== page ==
Breech Presentation Fact Sheet

What is Breech Presentation?

  • Breech presentation is the most common human malpresentation and occurs in 3-4% of all term pregnancies.1
  • Three types of breech presentation occur: Frank (baby’s hips are flexed and knees extended bilaterally) , Complete (baby’s hips and knees are flexed bilaterally), and Incomplete (baby may present with one or two feet – ‘footling’- or one knee extended and the other flexed with hips flexed).2,3
  • Early in pregnancy about half of all babies are breech presentation.4 Babies continue to turn to cephalic presentation throughout all weeks of pregnancy.1

What Causes Breech Presentation?

  • Only about 15% of breech presentations have an identifiable etiology.5
  • Established risks for breech presentation are: Previous breech presentation pregnancy,5,6,7,8 Late or lack of antenatal care,8,9 Prematurity (<37 weeks gestation),6,7,8 Comparatively lower birth weight,8,9 and Congenital anomalies.8,9,10

Recent Rates of Vaginal Delivery for Breech Presentation By Country

  • Japan 56%.11 Findings: Poor outcome 1.2% vaginal delivery : 0.0% cesarean
  • Sweden 52%.12 Findings: No statistically significant difference between vaginal birth and cesarean section babies for perinatal/neonatal outcomes.
  • Norway 40%.13
  • Finland 39%.14 Findings: Less birth trauma for vaginal breech deliveries than vaginal vertex deliveries. More trauma for breech vaginal delivery than breech CS, but lower long-term morbidity for breech vaginal than breech cesarean deliveries. Breech vaginal death 0.07%, vertex vaginal delivery death 0.02%.
  • Sweden 37%.15 Findings: Infant mortality, birth injury and convulsions higher for breech vaginal birth than breech CS
  • Ireland 23%.16 Findings: No nonanomalous perinatal deaths, significant trauma, or neurological dysfunctions for vaginally or CS delivered breech babies.
  • Denmark 15.3%.17 Findings: Higher rates of puerperal fever and pelvic infections for CS breech delivery.
  • California 4.9%.18 Findings: Neonatal mortality, asphyxia, brachial plexus injury, and birth trauma higher for vaginally delivered breech than CS. If woman had a previous vaginal delivery no difference in neonatal mortality by delivery mode.
  • Canada <5%.19

Other Research on Breech Presentation Outcomes by Delivery Method

  • Meta analysis 1: 24 studies published between 1966-199220
    Findings: Higher perinatal mortality, traumatic morbidity, short-term morbidity, and long-term morbidity in vaginal delivery than in CS for breech presentation. Lower maternal morbidity and mortality for vaginal delivery of breech.
  • Meta analysis 2: nine randomized trials or cohort studies published between January 1981 to June 199321
    Findings: No statistically significant difference between infant mortality and morbidity between vaginal and CS delivery of breech presentation.
  • Term Breech Trial: randomized controlled clinical trial in 121 centers in 26 countries and included 2088 women with term singleton breech pregnancies who were randomly assigned to give birth vaginally or by cesarean section22
    Findings: Perinatal mortality, neonatal mortality, and serious neonatal morbidity higher for vaginal breech delivery than for CS in countries with low levels of infant mortality. No difference in infant outcomes by delivery method in countries with high infant mortality. No difference in maternal morbidity and mortality by delivery mode.

Turning Options

  • External Cephalic Version (ECV) after 37 weeks has a success rate of 35% - 86% while spontaneous version occurs in 22%.23,24 Women who have successful ECV are at higher risk of having cesarean deliveries than are women with vertex presentation babies who did not have ECV.25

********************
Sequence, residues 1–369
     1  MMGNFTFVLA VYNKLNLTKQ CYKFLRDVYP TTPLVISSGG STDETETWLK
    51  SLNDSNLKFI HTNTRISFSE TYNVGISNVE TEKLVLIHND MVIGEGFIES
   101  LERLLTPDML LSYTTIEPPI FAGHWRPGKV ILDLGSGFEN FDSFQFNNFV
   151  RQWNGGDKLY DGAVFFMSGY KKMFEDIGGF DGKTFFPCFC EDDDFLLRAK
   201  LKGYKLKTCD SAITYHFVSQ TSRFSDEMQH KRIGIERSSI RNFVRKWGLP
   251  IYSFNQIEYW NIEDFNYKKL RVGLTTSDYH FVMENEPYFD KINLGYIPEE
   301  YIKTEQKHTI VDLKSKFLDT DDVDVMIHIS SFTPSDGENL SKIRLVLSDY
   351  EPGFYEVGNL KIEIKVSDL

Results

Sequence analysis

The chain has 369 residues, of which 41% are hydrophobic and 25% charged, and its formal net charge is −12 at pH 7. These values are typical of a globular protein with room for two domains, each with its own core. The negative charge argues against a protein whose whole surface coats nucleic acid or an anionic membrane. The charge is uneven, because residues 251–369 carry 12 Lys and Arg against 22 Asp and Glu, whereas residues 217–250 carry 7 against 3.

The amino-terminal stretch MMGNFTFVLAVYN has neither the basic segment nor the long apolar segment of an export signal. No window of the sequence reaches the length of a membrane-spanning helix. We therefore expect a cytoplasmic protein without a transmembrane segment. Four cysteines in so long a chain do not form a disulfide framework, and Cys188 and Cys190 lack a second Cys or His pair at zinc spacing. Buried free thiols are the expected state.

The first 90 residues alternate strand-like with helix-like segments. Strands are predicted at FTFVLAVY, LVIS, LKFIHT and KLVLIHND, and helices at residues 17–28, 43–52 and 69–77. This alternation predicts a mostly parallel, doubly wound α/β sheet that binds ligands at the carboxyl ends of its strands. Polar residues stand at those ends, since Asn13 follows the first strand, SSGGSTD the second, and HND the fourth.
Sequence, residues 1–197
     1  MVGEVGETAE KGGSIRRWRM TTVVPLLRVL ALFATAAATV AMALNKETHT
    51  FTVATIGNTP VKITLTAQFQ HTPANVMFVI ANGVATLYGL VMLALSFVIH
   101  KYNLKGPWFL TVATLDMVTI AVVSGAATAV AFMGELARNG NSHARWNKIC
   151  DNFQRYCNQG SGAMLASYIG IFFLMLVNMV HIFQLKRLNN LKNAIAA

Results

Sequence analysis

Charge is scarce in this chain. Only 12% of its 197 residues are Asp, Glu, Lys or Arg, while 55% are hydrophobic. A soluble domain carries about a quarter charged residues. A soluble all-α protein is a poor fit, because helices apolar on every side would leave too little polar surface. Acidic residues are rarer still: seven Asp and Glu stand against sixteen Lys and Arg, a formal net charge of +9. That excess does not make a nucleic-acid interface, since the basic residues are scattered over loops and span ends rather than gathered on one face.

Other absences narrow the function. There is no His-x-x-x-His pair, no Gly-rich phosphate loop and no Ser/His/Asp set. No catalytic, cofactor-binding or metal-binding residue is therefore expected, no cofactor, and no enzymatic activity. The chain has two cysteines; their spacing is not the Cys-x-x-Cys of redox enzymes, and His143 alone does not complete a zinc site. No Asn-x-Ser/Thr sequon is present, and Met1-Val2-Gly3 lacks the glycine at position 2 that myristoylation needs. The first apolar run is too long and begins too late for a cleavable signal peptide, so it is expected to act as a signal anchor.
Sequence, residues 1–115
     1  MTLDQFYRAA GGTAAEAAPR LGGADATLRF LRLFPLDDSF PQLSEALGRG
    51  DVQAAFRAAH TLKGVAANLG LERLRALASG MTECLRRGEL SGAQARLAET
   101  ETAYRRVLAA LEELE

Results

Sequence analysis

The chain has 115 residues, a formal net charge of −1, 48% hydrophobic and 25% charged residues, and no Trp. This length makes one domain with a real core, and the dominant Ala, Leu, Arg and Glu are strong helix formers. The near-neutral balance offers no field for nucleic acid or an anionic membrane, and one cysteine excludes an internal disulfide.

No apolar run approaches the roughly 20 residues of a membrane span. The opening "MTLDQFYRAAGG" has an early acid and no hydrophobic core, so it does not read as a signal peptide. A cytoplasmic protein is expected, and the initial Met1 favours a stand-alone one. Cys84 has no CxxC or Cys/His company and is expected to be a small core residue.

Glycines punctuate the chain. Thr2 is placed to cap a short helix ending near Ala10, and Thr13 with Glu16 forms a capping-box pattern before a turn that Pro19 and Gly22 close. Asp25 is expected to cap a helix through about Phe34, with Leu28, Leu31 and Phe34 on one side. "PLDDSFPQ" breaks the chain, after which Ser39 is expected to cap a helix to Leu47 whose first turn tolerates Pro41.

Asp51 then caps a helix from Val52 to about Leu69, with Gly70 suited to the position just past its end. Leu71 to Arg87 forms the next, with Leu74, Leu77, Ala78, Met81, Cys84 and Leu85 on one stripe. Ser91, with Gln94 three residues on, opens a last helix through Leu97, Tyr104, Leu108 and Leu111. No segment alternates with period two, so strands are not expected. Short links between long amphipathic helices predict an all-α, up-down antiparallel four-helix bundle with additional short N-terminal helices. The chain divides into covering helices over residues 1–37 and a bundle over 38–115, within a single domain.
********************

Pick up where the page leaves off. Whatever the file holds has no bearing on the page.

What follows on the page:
• Moxibustion or ginger paste applied close to the acupuncture point Bl 67. Small studies show a success rate of 66.6%-92%.26-32
  • Other less studied options: Homeopathic formulas pulsatilla and natrum muriaticum,33-36 Gentle chiropractic treatments: Webster’s technique or Bagnell system,37,38 Hypnosis,39 Playing music over the maternal abdomen.40,41


  • Morbidity and mortality for breech infants and mothers is most related to inclusion and exclusion criteria adhered to by the hospital for determining mode of delivery, the competence of the attending physician, and the expectation of the mother rather than the mode of delivery.
  • In general countries that perform more vaginal breech births have birth outcomes that are as good as or better than cesarean section outcomes. Countries that perform few vaginal breech births have birth outcomes that are worse than those for cesarean section births.
  • In many countries breech vaginal birth has higher morbidity and mortality risks for babies, but the risk is still relatively low.
  • Some of what has been typed as risk (e.g. low Apgar scores) is clearly not a long-term risk.
  • Much of what has been typed as risk can be ameliorated by proper screening for vaginal birth.
  • If you want to have a successful vaginal birth look for an old-time doctor or someone with a lot of experience with breech presentation.
  • If you have a macrosomic baby or a footling breech cesarean may be better for you.
  • To have a successful vaginal birth avoid induced or augmented labor and epidurals.
  • If you are going to have a cesarean, consider having a scheduled cesarean without trial of labor.

References Cited

1. Hickok, D. E., Gordon, D. C., Milber, J. A., Williams, M. A., & Daling, J. R. (1992). The Frequency of Breech Presentation by Gestational Age at Birth: A large Population-Based Study. American Journal of Obstetrics and Gynecology, 166, 851-852.
2. Bennett, V. R., & Brown, L. K. (1999). Myles Textbook for Midwives.
3. Cruikshank, D. P. (1999). Malpresentation and Umbilical Cord Complications. In J. R. Scott, P. J. Di Saia, C. B. Hammond & W. N. Spellacy (Eds.), Danforth's Obstetrics and Gynecology. (8th ed., pp. 419-436). Philadelphia: Lippincott, Williams & Wilkins.
4. Zhang, J., Park, M., & Reddy, U. (2004). Natural history of Fetal Position During Pregnancy and Risk of Breech Delivery. American Journal of Obstetrics & Gynecology, 191(6, Supplement 1), S169.
5. Luterkort, M., Persson, P.-H., & Weldner, B.-M. (1984). Maternal and Fetal Factors in Breech Presentation. Obstetrics & Gynecology, 64(1), 55-59.
6. Albrechtsen, S., Rasmussen, S., Dalaker, K., & Irgens, L. M. (1998a). The Occurrence of Breech Presentation in Norway 1967-1994. Acta Obstetricia et Gynecologica Scandinavica, 77, 410-415.